Tall reeds rustle by the lakeside, little birds call as they fly from tree to tree and a woodpecker taps on a nearby trunk. Slowly the breeze increases and as it does so, the first leaves of autumn drift down onto the hard earth floor. A beetle with brilliant scarlet wings scurries past, followed by a minute ant, then another and another...... and above them a dragonfly hovers, its slender azure body shimmering in the sunlight.
Quite suddenly the shadows become intense. The outline of my hand, showing every hair on my fingers, moves across the page as I write. Above, a rook caws long and anxiously. I look up. Half of the sun has now been eaten away. It is noticeably cooler and the forest floor is covered with hundreds of little crescent suns, jangling against each other like decorations on a Christmas tree.
The darkness now increases rapidly; everything seems to be wrapped in velvet. The sky is pink, then black, and all that is visible of the sun is a brilliant halo of light streaming out from behind the great black ball of the moon. Suddenly there is a hush, as if the earth were holding its breath..... Then the reeds begin to rustle, a nuthatch flies across the glade, calling as it goes, in the distance cocks crow and rays of sunlight slant once more between the trees. The brief moment of magic has passed.
The following photographs of the 1999 Total Eclipse of the Sun were taken near Snagov, about 25km north of the Romanian capital, Bucharest. All photos of the sun itself were taken using a 1000mm lens at f16 and a wet finger guide for the exposure time. The partial phases were taken though a photographic quality version of the filter used in those solar glasses that were ubiquitous in 1999. This attenuated the light transmission by one in 100000 and caused the bluish cast. Note the faint sunspots in the first three frames:
As the sun became more eclipsed, the general light level became darker, rather like viewing a sunny day through a half-silvered office window. The shadows got sharper as what was left of the sun's photosphere became more like a point source. Note the 'Diamond Ring' effect in the second picture from the bottom right.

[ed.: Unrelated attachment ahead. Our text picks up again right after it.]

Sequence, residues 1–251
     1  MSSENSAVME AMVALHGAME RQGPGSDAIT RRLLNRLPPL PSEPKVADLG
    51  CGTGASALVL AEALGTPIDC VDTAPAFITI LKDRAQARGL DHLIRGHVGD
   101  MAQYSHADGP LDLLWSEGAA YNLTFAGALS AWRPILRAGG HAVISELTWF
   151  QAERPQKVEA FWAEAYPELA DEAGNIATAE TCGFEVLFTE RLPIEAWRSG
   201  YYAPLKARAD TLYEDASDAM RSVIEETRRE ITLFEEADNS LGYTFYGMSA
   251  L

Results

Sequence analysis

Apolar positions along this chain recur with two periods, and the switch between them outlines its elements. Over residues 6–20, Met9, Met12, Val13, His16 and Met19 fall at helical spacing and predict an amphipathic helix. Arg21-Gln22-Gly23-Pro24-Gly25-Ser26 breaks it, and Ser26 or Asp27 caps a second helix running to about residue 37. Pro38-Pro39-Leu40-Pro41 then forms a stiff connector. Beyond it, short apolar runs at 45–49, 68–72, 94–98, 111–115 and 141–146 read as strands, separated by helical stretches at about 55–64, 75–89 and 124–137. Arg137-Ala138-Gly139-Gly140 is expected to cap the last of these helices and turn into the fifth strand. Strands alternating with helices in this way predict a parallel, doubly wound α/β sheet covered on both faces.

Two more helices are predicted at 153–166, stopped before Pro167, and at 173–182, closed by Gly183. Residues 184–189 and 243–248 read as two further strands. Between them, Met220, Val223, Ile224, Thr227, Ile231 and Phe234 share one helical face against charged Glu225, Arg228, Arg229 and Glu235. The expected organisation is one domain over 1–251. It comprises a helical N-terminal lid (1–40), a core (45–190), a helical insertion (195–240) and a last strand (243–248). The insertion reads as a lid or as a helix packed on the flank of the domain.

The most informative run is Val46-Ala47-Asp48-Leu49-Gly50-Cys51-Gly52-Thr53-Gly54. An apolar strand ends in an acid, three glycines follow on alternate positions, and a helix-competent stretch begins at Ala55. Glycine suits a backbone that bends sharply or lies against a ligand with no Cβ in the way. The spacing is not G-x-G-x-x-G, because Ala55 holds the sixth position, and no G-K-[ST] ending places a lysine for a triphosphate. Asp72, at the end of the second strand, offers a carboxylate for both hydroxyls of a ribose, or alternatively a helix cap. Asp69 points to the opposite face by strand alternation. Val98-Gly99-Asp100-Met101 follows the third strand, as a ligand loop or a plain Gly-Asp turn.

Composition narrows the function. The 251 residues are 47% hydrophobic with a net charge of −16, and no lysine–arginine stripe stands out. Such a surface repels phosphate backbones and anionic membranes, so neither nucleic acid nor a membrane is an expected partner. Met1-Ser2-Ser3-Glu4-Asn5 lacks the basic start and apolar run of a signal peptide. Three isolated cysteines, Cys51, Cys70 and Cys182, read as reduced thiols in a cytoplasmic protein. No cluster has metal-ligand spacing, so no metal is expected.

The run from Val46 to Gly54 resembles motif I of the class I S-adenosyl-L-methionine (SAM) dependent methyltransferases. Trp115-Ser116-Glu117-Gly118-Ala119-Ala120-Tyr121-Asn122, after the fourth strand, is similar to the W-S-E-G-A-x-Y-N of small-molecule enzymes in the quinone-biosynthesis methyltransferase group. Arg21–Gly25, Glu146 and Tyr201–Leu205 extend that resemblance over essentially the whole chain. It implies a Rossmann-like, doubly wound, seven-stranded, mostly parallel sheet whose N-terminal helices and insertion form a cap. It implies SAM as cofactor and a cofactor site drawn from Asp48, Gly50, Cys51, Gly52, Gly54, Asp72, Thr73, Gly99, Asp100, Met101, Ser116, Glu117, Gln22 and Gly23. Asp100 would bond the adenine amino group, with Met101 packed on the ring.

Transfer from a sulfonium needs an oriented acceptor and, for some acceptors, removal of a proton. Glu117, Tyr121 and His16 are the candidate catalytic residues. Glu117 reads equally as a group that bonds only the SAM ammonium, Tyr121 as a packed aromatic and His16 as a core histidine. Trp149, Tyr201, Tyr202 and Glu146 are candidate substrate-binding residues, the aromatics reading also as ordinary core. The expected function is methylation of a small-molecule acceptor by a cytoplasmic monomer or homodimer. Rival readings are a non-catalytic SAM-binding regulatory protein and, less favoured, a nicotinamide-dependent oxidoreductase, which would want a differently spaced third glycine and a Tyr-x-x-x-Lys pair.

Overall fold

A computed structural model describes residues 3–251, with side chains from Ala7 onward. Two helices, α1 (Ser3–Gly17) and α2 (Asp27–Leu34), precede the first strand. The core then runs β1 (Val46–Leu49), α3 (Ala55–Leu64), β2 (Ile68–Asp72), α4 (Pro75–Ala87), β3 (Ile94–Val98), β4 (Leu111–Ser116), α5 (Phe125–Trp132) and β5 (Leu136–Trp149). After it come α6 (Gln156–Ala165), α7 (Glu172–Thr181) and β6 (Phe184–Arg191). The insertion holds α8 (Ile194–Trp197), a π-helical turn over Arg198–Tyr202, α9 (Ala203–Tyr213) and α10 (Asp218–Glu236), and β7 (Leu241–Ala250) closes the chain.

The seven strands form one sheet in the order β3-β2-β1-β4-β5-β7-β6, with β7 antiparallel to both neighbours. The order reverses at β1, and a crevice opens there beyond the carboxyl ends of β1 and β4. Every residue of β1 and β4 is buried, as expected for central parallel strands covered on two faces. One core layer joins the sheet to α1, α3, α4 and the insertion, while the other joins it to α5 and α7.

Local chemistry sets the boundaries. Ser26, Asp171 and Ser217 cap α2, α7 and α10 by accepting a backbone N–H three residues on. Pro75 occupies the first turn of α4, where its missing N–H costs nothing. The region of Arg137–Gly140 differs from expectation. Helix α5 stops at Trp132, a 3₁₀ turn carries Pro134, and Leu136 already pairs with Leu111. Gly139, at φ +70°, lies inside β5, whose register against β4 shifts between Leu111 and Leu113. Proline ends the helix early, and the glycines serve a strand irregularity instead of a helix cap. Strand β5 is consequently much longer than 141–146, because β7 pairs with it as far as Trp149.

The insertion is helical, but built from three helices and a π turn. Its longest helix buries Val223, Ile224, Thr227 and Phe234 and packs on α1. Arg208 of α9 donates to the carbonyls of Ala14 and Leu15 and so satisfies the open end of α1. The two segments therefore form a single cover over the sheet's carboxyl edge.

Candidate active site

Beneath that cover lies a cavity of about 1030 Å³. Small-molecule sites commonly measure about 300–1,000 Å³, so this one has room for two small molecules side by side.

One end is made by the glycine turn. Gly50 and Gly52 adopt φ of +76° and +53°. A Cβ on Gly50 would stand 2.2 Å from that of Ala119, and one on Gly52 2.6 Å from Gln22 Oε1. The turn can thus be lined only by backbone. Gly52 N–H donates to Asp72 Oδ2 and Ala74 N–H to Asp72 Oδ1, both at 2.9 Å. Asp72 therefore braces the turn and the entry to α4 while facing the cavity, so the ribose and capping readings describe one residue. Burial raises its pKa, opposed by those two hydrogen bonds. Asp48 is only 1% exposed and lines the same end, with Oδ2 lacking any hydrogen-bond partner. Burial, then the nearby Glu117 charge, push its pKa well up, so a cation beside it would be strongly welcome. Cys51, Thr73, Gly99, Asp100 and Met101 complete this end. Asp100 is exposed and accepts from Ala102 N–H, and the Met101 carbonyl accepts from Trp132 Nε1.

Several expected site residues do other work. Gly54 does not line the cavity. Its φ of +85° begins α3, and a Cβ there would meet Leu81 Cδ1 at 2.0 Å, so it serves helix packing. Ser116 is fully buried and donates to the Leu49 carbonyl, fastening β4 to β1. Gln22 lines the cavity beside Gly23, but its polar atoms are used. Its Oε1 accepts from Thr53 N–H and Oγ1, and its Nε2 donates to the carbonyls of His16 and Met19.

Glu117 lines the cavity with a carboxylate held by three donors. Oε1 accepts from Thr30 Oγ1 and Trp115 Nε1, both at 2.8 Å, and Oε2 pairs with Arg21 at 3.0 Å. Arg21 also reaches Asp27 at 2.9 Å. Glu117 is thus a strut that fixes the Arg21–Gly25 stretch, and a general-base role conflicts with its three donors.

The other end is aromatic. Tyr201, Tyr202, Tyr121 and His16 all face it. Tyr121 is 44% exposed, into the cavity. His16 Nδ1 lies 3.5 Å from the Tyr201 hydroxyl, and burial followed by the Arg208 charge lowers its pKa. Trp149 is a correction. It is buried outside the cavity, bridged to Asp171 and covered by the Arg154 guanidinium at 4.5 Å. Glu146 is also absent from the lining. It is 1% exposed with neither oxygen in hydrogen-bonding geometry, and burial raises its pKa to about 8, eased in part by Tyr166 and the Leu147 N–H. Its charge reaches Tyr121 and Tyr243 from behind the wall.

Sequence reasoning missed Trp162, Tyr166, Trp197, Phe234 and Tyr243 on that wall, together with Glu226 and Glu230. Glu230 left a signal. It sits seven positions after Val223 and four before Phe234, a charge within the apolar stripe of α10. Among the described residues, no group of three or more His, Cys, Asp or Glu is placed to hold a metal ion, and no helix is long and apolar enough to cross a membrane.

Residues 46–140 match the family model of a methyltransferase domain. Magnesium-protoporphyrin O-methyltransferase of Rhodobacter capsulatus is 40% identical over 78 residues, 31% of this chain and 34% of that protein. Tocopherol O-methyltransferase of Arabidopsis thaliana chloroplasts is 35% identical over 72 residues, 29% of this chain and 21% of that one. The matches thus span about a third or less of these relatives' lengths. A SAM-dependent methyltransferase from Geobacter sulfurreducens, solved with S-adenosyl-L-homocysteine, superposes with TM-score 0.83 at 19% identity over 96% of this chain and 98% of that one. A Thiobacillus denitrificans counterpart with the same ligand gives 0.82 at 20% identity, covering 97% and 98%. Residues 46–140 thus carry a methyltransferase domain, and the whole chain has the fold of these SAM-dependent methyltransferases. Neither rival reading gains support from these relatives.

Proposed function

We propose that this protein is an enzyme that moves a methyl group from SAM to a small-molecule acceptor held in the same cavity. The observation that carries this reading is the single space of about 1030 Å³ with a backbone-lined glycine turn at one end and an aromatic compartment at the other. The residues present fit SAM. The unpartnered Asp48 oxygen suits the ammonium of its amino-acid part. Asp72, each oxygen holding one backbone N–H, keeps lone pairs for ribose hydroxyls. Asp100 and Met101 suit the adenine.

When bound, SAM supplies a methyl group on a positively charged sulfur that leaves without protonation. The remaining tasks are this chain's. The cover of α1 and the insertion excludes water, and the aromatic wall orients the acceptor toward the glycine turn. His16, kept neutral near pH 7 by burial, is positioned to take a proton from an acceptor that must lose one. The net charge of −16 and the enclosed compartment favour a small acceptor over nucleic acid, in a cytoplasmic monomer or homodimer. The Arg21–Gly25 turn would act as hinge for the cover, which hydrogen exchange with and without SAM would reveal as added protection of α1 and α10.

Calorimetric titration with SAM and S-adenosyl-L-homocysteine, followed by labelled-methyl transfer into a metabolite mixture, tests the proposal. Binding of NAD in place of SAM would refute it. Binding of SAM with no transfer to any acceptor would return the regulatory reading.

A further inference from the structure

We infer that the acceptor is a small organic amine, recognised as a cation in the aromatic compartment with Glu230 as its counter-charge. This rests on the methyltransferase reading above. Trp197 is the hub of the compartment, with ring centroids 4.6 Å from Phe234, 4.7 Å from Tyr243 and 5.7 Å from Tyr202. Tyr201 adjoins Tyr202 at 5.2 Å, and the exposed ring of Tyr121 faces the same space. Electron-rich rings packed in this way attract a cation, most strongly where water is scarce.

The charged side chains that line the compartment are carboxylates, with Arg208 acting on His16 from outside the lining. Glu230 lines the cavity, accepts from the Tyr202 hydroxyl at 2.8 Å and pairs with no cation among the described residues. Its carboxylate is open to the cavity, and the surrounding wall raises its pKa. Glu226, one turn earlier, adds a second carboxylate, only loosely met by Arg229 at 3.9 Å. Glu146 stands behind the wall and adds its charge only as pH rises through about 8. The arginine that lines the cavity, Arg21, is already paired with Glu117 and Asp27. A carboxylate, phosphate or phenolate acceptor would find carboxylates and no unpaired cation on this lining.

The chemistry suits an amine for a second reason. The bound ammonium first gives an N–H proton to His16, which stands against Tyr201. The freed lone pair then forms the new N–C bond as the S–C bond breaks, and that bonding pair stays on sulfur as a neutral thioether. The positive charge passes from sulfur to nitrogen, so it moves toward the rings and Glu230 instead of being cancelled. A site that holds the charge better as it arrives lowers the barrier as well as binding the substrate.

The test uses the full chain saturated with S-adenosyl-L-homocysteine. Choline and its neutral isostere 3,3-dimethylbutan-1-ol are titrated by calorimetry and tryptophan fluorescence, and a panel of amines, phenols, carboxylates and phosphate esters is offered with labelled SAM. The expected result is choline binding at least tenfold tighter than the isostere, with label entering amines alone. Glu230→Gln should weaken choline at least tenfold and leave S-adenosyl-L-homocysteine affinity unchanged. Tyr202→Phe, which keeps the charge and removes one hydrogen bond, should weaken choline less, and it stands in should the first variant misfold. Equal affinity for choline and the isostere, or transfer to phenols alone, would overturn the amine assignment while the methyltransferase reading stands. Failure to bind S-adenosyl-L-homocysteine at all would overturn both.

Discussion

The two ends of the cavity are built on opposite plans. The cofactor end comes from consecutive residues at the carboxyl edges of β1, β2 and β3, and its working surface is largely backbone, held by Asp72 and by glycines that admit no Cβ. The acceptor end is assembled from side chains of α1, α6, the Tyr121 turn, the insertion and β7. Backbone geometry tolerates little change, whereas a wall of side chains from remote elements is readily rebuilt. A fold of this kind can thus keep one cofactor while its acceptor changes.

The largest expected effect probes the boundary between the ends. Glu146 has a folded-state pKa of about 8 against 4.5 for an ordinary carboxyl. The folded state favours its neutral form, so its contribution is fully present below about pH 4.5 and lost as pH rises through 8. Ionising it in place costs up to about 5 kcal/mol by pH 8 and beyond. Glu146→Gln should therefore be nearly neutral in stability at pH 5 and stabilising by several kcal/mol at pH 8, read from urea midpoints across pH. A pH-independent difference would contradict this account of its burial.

Another interesting feature of a solar eclipse is that, either side of totality, little crescent suns can be seen as light filters through trees. This is caused by the small gaps between leaves forming pin-hole cameras.
I took two photos of this effect - one is the background to Jocelyn Bailey's prose, which introduces this page. The other is shown below:
The thin steel-blue remainder of sunlight rapidly changed to a twilight similar to just after sunset in a little over a second as the moon finally covered the sun. It was just like the houselights dimming for the greatest show on earth.
Note the red prominences, particularly the one at 4 o'clock that is well clear of the eclipsed sun. This was 33000 miles across - more than four times the diameter of the Earth! It was a bit hazy at the time, and although it was quite dark, the only star or planet plainly visible was Venus (out of the field of view above).
There's no such thing as a 'correct exposure' when photographing an eclipse, owing to the huge dynamic range of light. Unfortunately, I didn't play around enough with exposure settings to get a good shot of the corona, which is much dimmer. However, the following, taken by someone else in our party using a 500mm lens, shows what the corona was like. You wouldn't think these two photos could have been of the same eclipse!